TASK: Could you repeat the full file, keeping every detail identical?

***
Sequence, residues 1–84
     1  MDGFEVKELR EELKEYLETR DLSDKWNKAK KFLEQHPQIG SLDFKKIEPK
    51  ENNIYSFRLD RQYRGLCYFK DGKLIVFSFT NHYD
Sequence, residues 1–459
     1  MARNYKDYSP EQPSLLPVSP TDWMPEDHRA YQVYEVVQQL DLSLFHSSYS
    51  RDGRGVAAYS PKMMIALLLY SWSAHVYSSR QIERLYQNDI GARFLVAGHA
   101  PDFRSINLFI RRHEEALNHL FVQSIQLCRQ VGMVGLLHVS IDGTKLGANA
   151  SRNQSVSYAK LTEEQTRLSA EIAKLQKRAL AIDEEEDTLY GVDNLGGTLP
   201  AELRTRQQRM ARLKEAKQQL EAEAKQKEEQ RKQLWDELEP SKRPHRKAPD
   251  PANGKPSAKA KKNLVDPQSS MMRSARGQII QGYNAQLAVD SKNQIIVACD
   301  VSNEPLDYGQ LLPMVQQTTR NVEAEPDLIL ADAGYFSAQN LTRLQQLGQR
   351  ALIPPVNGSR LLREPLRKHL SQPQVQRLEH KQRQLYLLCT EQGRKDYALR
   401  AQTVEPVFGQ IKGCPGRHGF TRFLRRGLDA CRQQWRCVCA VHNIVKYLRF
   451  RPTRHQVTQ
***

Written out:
Sequence, residues 1–84
     1  MDGFEVKELR EELKEYLETR DLSDKWNKAK KFLEQHPQIG SLDFKKIEPK
    51  ENNIYSFRLD RQYRGLCYFK DGKLIVFSFT NHYD
Sequence, residues 1–459
     1  MARNYKDYSP EQPSLLPVSP TDWMPEDHRA YQVYEVVQQL DLSLFHSSYS
    51  RDGRGVAAYS PKMMIALLLY SWSAHVYSSR QIERLYQNDI GARFLVAGHA
   101  PDFRSINLFI RRHEEALNHL FVQSIQLCRQ VGMVGLLHVS IDGTKLGANA
   151  SRNQSVSYAK LTEEQTRLSA EIAKLQKRAL AIDEEEDTLY GVDNLGGTLP
   201  AELRTRQQRM ARLKEAKQQL EAEAKQKEEQ RKQLWDELEP SKRPHRKAPD
   251  PANGKPSAKA KKNLVDPQSS MMRSARGQII QGYNAQLAVD SKNQIIVACD
   301  VSNEPLDYGQ LLPMVQQTTR NVEAEPDLIL ADAGYFSAQN LTRLQQLGQR
   351  ALIPPVNGSR LLREPLRKHL SQPQVQRLEH KQRQLYLLCT EQGRKDYALR
   401  AQTVEPVFGQ IKGCPGRHGF TRFLRRGLDA CRQQWRCVCA VHNIVKYLRF
   451  RPTRHQVTQ